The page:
Not All Our Activists Are DemocratsDecember 16, 2016
Republican members also have a voice in our union.
1199SEIU has long been a leader in campaigns for pro-worker policies and politicians. As such, the overwhelming majority of its political endorsements have gone to members of the Democratic Party.
Such an environment often leaves Republican members feeling left out. The last issue of this publication carried letters from two members who opposed the Union’s endorsement of Secretary Hillary Clinton and its characterization of Donald Trump supporters.
The Union leadership has always encouraged the broadest membership participation, and Article III, Section 2 (c) of the 1199SEIU Constitution states: “There shall be full respect for all differences of opinion, and all members shall have full freedom of expression.”
Activists and delegates are not required or even expected to register for any political party. Nor does the Union reserve its support or endorsement for Democrats alone.
“We have no permanent friends, only permanent interests,” leaders of the Union often say. Throughout its history, 1199 has worked with and has endorsed politicians in both major parties.
The Union’s struggles—including major strikes—in the late 1950s and early 1960s led to legislation that extended collective bargaining rights to workers in New York City’s nonprofit hospitals. That historic legislation was signed by New York Republican Gov. Nelson Rockefeller, whom the Union had endorsed in 1962.
In more recent times, 1199SEIU endorsed New York Republican Gov. George Pataki in 2002. “Gov. Pataki has been incredibly helpful to healthcare unions,” then 1199SEIU Pres. Dennis Rivera said at the time.
1199SEIU’s support for office seekers is based solely on each candidate’s willingness to support policies in the interest of members and working people. At the workplaces, members generally use the same criteria to select delegates.
“I’m a registered Republican, but I see my Union as a family in which members can belong to either party,” says Ivannie Cartamil, a unit secretary at Kendall Regional Hospital near Miami, FL.
Like Cartamil, a large percentage of 1199ers, particularly in the more rural regions, are registered Republicans.
Cartamil, who has been a Republican since she was 18, has been a delegate for more than six years. She came to the U.S. from Cuba in 1982. She believes in the right to bear arms. She is a Catholic, but also believes in a woman’s right to choose whether to terminate a pregnancy.
“I also want a good safe working environment,” she says. “All workers deserve a decent life and a living wage. I support the $15 minimum.”
Cartamil has walked Union picket lines and lobbied Republican legislators. She also has met informally with other Republican members of SEIU, 1199SEIU’s parent union.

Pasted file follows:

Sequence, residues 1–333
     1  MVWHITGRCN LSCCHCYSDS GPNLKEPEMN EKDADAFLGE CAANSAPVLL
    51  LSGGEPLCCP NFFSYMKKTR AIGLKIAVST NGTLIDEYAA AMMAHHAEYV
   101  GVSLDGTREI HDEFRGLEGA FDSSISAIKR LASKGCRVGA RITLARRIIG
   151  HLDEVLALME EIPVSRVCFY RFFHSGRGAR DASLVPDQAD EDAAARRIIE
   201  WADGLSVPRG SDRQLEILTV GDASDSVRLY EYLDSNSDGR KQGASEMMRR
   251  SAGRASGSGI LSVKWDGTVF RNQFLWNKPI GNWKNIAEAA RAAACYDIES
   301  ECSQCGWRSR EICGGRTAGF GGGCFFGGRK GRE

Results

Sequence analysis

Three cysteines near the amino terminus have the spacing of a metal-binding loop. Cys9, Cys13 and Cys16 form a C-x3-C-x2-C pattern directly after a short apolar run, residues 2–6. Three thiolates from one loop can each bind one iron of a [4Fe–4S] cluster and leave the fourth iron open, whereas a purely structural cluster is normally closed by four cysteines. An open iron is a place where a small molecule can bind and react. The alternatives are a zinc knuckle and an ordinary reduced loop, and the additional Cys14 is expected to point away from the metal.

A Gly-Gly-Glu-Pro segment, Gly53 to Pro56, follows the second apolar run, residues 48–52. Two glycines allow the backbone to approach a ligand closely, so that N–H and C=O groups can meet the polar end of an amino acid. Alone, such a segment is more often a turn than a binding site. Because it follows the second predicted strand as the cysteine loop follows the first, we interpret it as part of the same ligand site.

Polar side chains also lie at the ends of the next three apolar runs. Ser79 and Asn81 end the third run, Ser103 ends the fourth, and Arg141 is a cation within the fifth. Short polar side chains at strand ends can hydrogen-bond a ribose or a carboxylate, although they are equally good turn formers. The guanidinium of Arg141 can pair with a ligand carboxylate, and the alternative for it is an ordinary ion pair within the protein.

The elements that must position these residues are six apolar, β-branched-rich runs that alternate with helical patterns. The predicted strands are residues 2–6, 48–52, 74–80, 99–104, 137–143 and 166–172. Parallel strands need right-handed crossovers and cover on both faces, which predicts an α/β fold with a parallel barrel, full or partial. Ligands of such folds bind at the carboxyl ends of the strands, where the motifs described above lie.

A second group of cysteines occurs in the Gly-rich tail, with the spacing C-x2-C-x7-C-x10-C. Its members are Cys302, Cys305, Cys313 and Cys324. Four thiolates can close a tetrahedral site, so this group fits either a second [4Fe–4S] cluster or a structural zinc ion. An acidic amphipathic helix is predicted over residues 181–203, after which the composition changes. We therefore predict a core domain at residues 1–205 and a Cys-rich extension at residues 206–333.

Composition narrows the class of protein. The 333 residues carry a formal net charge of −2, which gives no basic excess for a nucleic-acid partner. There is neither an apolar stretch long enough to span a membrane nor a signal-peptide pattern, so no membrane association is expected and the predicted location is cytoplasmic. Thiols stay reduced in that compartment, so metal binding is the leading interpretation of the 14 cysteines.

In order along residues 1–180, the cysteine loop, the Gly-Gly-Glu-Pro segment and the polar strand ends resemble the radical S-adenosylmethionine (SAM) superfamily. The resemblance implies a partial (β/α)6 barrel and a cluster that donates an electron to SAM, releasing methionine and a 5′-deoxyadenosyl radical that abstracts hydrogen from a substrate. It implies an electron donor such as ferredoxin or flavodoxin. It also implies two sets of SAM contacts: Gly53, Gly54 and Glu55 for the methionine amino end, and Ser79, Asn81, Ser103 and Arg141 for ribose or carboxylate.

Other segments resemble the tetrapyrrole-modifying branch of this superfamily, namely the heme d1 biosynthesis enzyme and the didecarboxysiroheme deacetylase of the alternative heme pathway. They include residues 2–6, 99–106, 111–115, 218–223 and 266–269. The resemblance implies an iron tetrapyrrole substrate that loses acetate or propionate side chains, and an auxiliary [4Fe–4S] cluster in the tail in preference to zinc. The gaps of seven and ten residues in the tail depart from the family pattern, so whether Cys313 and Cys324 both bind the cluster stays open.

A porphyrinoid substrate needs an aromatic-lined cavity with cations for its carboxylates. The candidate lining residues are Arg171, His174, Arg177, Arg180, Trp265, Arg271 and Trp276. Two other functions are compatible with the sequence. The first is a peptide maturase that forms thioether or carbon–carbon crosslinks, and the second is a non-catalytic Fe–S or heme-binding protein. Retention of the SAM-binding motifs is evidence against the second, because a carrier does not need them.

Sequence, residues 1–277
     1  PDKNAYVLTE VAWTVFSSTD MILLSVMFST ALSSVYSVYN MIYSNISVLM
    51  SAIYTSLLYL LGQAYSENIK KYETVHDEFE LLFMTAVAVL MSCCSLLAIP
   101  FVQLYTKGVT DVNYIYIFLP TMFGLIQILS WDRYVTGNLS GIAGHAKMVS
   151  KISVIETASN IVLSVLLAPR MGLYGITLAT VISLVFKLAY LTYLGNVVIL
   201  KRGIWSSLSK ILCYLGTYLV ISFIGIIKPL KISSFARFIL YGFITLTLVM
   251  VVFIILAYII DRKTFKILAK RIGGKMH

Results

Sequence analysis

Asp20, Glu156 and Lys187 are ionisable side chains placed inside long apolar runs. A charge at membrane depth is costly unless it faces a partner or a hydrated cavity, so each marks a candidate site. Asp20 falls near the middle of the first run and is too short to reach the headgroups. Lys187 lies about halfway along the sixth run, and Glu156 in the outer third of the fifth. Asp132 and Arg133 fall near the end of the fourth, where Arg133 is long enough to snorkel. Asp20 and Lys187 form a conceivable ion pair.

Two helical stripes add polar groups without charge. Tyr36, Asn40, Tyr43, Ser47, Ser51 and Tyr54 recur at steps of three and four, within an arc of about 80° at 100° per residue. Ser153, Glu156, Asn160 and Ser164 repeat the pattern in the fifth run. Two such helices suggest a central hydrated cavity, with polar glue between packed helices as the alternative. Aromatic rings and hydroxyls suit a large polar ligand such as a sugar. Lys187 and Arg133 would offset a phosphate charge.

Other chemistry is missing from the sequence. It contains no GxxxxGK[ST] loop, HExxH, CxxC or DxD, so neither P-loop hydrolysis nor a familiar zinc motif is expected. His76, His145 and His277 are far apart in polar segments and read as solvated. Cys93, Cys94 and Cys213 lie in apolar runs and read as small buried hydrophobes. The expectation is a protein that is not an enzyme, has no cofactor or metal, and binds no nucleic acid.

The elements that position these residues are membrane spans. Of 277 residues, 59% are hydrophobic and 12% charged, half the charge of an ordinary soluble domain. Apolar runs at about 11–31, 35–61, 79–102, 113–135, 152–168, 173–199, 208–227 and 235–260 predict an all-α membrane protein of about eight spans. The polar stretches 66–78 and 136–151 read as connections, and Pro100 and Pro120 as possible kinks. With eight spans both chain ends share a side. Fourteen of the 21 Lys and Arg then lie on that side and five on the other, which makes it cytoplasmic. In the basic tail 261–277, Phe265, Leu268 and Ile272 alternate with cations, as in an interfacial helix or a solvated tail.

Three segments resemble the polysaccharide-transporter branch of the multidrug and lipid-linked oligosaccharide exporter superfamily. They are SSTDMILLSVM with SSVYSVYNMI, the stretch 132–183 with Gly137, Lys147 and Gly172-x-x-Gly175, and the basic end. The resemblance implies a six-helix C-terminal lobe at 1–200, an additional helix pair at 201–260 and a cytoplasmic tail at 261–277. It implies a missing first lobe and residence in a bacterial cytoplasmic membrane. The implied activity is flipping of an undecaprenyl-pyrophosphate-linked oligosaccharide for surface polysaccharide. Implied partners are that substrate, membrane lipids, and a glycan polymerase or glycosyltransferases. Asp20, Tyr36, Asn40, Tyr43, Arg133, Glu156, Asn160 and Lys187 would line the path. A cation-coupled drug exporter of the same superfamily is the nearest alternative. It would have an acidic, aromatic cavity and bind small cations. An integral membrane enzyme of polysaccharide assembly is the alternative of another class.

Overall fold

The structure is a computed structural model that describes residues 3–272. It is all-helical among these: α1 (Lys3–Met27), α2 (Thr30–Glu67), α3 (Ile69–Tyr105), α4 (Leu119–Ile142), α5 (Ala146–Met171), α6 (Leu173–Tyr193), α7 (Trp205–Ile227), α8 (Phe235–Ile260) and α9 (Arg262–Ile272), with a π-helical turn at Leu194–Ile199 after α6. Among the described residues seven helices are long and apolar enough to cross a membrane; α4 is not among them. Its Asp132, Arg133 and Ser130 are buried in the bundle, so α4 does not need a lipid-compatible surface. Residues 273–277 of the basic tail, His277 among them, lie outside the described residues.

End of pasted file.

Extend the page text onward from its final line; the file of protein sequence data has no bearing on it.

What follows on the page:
“I’m socially liberal, but I’m also a registered Republican,” says Neal Nicholaides, a 30-year HVAC mechanic at Good Samaritan Medical Center in Brockton, MA. “I’ve also been a shop steward or Union delegate for most of my working life,” he says.
“I don’t consider myself a political activist, but I do understand the importance of our Union’s Political Action Fund and I urge members to contribute regardless of their political affiliation.” His outspokenness and ability to relate to co-workers and management has won him respect from members and administrators.
Nicholaides cites his strong support for the Second Amendment—the right to bear arms—and his belief in limited government as his reasons for his party affiliation. “I also firmly believe in individual freedoms,” he says.
Roanna Abborino, a nurse practitioner at Krause Hospital in Syracuse, NY, has been a Republican all her life and a Union delegate for the last 10 years. Abborino’s mother and maternal grandfather also were Republicans. “My mother really looked up to my grandfather,” Abborino says, noting that like Cartamil, she enrolled in the party of her parents.
She’s proud that her mother, a single parent, worked hard and raised two children. “I value honesty and the work ethic, but I also believe union’s should get involved in politics to fight for workers’ rights. Women’s rights are also important to me,” she says.
Although a Republican, she did not support Donald Trump. “I don’t believe he represents Republican values,” Abborino stresses. “My allegiance is to my country, not to any party.”
The 1199SEIU Republicans interviewed agree that strong unions are essential for improving the lot of working people. And Union leaders stress that unions are essential to defending and extending our democracy and curbing the power of the one percent.
1199 leaders have urged members in all the Union districts—regardless of party affiliation—to join hands with their traditional allies and to press on to unite our nation and to realize the 1199SEIU Action Platform— good jobs, economic justice, quality healthcare for all, rights, democracy and a healthy planet.